“Teleread and MobileRead have started a campaign to make these DRM free books more easy to find. If a book is DRM free, just tag it “drmfree” at the Amazon site. It tickled me to be the first to tag my own books.
“My books being offered DRM free doesn’t change how I feel about copyright. I still believe in the importance of copyrights. My books are still copyrighted, at least until the publishers and I decide the time is ripe to release them into the public domain. I am dependent on the royalties I make from my books, and I lose money through piracy of my books. But I have never believed in DRM, which only hurts the legitimate owners.
“I’m currently working on my first self-publishing book, which I’ll be releasing as a Kindle, as well as in other formats. Regardless of how I distribute the book, not one version of the book will have DRM.”
Powers’ publisher, O’Reilly, recently announced that it was making 160 of its book available without DRM in the Kindle Store, with more to follow in coming weeks. Hundreds of independent publishers have now made thousands of titles DRM-free in the Kindle store.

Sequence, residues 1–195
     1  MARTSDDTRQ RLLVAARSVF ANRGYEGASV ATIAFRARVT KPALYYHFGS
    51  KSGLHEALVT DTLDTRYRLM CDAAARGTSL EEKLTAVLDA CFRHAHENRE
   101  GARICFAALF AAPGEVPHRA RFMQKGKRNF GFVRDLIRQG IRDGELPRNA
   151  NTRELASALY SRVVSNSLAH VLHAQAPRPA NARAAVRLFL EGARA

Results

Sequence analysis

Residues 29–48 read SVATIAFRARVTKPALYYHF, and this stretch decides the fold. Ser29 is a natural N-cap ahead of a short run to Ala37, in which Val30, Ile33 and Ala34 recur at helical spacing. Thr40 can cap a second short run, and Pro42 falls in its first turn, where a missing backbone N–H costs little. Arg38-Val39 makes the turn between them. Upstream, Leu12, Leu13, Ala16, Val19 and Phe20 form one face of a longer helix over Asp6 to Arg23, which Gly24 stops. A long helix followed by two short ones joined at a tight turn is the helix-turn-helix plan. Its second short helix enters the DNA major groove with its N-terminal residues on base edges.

Author Joe Konrath, who we mentioned above because he “gets” the economics of ebooks, is also light years ahead of many of his colleagues when it comes to understanding DRM:
“Not only do ebooks cost too much, DRM is a disgrace, for a myriad of reasons, and the ‘text to speech’ feature is not something the publishing world should be concerned about,” Konrath wrote to Kindle Nation last week.
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